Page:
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Biologists named a newly discovered cell repair pathway after Pitt

a blue, green and red illustration

Just like a city, the cells in our body recycle waste — and earlier this month, a Pitt team for the first time showed how cells repair this system when it breaks down. Along the way, they snuck a nod to the University in one of the world’s most prestigious scientific journals.

The PITT pathway, so named in a paper published earlier this month in Nature by Assistant Professor Jay Xiaojun Tan and Professor Toren Finkel in the School of Medicine, repairs damage to the cell lysosomes, which break down molecular waste. In this case, PITT stands for “phosphoinositide-initiated membrane tethering and lipid transport” — but it’s also a reference to the university, according to Tan.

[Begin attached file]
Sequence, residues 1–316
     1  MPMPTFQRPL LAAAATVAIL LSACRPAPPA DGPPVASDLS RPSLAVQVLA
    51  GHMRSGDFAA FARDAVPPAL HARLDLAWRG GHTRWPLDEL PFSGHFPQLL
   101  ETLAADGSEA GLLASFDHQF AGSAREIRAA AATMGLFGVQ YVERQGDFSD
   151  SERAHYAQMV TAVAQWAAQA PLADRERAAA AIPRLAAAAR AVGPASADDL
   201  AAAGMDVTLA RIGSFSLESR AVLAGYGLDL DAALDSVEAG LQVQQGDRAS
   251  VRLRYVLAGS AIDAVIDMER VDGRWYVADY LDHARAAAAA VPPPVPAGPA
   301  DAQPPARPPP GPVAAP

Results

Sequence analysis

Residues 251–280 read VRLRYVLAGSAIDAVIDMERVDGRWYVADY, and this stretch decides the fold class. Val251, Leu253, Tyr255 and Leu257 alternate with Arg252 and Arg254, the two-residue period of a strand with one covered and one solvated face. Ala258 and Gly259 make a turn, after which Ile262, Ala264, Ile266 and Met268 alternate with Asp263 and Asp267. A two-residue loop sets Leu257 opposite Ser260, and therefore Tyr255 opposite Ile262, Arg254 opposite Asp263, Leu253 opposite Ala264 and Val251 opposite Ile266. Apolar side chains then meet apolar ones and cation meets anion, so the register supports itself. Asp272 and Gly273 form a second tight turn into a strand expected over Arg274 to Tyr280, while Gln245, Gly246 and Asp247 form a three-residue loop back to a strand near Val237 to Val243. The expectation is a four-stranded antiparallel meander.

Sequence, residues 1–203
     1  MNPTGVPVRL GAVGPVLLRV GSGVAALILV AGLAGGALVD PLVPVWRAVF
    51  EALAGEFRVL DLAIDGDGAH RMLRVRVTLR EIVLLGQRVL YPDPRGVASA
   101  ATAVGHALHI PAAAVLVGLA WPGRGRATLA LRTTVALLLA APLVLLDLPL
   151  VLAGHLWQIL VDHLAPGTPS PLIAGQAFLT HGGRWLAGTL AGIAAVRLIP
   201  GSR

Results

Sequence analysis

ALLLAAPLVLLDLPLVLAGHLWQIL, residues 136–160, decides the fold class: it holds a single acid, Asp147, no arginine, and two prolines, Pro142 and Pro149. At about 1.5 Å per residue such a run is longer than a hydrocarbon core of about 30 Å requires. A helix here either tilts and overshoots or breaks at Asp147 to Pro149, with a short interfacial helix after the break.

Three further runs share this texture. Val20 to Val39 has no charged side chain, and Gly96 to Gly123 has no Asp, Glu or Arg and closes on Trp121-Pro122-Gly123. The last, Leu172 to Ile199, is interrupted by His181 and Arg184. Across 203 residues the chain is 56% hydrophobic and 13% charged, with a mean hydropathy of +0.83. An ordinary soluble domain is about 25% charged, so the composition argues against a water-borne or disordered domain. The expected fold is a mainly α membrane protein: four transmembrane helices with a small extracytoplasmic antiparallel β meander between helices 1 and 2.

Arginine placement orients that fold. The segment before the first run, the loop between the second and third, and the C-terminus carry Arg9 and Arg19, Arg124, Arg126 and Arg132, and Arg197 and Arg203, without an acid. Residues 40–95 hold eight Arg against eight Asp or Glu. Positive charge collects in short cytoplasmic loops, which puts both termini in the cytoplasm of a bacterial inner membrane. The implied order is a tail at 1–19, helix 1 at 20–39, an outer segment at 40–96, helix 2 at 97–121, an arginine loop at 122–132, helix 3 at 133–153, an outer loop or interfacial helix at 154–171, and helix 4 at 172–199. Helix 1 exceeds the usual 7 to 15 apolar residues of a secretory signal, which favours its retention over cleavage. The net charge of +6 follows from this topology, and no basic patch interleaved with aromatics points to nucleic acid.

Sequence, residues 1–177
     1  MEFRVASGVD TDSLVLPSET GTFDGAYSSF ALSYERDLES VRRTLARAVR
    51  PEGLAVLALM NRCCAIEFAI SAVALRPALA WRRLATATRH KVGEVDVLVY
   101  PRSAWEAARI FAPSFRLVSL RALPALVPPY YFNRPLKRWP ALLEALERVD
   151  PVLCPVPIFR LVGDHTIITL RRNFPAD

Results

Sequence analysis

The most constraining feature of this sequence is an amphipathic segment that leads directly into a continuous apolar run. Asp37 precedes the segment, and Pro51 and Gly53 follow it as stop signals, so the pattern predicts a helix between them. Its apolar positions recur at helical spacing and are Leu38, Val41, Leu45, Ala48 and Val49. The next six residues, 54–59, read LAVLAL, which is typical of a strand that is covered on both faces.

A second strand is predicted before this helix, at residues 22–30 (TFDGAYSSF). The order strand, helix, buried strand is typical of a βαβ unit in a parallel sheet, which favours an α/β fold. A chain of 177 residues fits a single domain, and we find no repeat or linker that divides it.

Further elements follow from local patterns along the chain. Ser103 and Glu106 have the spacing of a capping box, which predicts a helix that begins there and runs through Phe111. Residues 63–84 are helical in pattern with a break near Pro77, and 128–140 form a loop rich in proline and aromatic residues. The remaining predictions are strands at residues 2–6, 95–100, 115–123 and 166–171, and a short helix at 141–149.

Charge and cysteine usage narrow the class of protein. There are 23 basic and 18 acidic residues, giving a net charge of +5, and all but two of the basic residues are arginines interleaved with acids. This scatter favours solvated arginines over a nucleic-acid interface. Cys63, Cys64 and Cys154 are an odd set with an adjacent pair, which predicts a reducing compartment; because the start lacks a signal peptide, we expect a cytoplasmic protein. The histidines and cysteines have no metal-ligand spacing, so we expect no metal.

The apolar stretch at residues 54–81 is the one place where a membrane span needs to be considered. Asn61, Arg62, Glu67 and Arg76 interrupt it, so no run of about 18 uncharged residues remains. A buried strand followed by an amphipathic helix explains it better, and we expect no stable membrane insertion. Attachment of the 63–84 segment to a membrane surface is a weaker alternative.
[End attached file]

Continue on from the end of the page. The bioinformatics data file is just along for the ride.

Understanding how the cell repairs this important system may provide new insights into aging and diseases like Alzheimer’s, since lysosome damage is related to both, the researchers say.

Read more about the PITT pathway.